In a recent conversation with THR, Luna also discusses his relationship to Los Angeles, the challenge of imagining Wander Darkly’s match cuts and why he’s glad his run on Narcos: Mexico has come to an end.
Just to get the timeline right, did you shoot Wander Darkly right after Narcos: Mexico season one?
Correct. I shot this in between the two seasons, yeah. It was my breathing time. (Laughs.)
Your character, Matteo, is a father and a woodworker. As unique as the movie is, did you enjoy playing a regular guy again since your Rogue One and Narcos: Mexico characters both carried the weight of the world on their shoulders?
Yeah, definitely. Being Felix Gallardo for six and a half months, something crazy like that, had a lot of pressure from everywhere because we were shooting very intense material with a very complex character that meant a lot for me. I wanted so much for that to be good that it worried me. So it was nice to go into a film where you know the beginning and the end of the story from the moment you sign on to it. It was nice to tell a story about love, parenthood, memory and a city I love because I have a really close relationship with Los Angeles. After Mexico City, it’s the place where I’ve spent the most time in my life, and Los Angeles is a character in the film. So it was important for me to do that and to play a role that was closer to me in many ways, but I don’t know if Matteo had less weight on his shoulders than Felix or Cassian. He’s going through parenthood and the beginning of that experience is really hard. I don’t think there’s anything more complex and challenging than having your first son or daughter. It’s quite a change in your life. It changes your perspective of everything, the way you see everything and the way you relate to everything around you. So it was interesting to be able to reflect on that since I went through it long ago.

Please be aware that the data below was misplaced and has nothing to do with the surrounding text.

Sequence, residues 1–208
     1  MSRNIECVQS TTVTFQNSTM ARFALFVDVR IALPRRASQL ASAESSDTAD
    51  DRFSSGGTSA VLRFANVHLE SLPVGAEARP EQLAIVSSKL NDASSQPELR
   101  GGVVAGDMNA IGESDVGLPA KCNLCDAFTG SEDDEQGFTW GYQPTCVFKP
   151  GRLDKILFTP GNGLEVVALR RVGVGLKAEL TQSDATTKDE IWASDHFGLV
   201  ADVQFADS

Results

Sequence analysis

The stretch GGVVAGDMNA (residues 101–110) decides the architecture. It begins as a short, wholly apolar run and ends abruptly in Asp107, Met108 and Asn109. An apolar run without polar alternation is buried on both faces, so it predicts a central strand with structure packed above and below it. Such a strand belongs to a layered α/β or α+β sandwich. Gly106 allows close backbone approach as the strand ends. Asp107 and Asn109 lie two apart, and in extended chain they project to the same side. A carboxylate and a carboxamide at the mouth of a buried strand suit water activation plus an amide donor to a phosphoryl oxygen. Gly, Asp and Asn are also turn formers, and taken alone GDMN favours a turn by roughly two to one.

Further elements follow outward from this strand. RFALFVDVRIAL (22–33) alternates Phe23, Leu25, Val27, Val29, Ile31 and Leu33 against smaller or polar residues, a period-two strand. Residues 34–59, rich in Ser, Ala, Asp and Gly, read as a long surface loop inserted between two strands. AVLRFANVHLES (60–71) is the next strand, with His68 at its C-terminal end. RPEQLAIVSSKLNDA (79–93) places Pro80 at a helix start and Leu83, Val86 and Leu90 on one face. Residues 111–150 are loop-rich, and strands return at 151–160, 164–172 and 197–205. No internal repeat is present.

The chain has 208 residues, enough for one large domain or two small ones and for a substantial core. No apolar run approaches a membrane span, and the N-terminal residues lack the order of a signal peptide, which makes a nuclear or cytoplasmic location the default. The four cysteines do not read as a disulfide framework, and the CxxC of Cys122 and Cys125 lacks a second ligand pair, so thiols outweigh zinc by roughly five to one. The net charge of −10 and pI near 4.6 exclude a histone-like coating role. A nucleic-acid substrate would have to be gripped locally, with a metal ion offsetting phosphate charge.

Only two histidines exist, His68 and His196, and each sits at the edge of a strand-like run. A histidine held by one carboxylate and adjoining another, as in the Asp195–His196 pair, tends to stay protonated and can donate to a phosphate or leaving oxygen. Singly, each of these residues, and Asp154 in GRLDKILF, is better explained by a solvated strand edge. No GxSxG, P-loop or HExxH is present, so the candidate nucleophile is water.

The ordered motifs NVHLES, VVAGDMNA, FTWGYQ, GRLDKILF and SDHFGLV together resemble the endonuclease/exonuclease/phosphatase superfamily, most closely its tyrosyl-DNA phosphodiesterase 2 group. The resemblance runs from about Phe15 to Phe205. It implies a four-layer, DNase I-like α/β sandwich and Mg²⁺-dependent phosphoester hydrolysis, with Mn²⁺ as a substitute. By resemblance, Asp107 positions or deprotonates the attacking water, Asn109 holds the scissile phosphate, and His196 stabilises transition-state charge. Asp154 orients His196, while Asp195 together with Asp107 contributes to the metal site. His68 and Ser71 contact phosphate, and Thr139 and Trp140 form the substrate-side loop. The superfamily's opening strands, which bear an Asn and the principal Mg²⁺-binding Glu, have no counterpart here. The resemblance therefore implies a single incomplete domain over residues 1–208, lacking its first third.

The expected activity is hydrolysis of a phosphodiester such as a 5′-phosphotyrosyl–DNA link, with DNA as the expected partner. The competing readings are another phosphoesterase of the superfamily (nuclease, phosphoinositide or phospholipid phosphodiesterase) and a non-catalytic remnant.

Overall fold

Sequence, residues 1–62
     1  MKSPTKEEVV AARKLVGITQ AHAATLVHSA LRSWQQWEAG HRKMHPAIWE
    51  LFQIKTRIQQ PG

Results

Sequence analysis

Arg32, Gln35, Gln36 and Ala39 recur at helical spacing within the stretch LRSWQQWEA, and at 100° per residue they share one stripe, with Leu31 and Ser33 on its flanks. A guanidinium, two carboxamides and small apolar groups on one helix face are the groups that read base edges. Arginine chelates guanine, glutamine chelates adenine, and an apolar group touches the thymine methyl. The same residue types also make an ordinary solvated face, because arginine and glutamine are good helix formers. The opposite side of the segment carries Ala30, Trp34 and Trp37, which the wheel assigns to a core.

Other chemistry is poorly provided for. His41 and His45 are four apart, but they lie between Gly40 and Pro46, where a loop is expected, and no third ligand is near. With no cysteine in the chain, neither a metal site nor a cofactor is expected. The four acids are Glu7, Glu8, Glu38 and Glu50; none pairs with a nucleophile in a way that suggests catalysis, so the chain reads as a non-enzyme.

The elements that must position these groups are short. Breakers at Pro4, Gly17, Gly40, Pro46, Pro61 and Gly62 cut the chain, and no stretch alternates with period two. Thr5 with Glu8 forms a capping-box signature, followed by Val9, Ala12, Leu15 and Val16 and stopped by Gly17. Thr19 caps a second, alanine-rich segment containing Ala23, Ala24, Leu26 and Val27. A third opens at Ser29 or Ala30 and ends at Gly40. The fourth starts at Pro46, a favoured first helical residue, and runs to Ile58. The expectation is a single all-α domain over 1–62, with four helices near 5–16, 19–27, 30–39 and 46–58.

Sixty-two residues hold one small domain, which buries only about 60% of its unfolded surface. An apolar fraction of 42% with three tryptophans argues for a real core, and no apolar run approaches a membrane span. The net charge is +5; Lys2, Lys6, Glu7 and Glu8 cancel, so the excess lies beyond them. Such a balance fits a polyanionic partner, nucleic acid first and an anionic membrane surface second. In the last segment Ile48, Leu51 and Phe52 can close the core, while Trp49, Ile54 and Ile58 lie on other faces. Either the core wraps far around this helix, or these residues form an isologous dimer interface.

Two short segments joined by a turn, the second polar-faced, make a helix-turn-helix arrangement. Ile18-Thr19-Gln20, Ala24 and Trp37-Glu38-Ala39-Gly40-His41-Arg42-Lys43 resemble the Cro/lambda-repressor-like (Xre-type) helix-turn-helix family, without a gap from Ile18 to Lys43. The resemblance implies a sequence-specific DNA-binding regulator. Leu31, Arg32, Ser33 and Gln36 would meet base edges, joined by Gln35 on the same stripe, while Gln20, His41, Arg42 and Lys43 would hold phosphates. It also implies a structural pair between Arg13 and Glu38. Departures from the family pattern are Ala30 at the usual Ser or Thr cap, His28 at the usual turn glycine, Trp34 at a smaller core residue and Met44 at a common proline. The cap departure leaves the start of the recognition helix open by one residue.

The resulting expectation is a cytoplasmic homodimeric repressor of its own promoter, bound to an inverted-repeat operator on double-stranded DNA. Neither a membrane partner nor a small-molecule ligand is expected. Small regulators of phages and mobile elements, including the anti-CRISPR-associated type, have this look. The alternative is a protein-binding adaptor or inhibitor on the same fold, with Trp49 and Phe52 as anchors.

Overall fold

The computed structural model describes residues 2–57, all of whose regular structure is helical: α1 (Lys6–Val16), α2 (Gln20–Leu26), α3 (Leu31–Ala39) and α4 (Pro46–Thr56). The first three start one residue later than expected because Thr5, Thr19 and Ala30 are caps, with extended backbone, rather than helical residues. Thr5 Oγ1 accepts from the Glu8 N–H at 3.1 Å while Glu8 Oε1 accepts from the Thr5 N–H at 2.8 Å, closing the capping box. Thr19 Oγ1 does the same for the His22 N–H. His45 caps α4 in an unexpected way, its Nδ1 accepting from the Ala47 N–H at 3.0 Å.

The photography is quite intimate in an effort to capture the ups and downs of Matteo and Adrienne’s relationship. Did you and Sienna treat the DP or camera operator like another scene partner?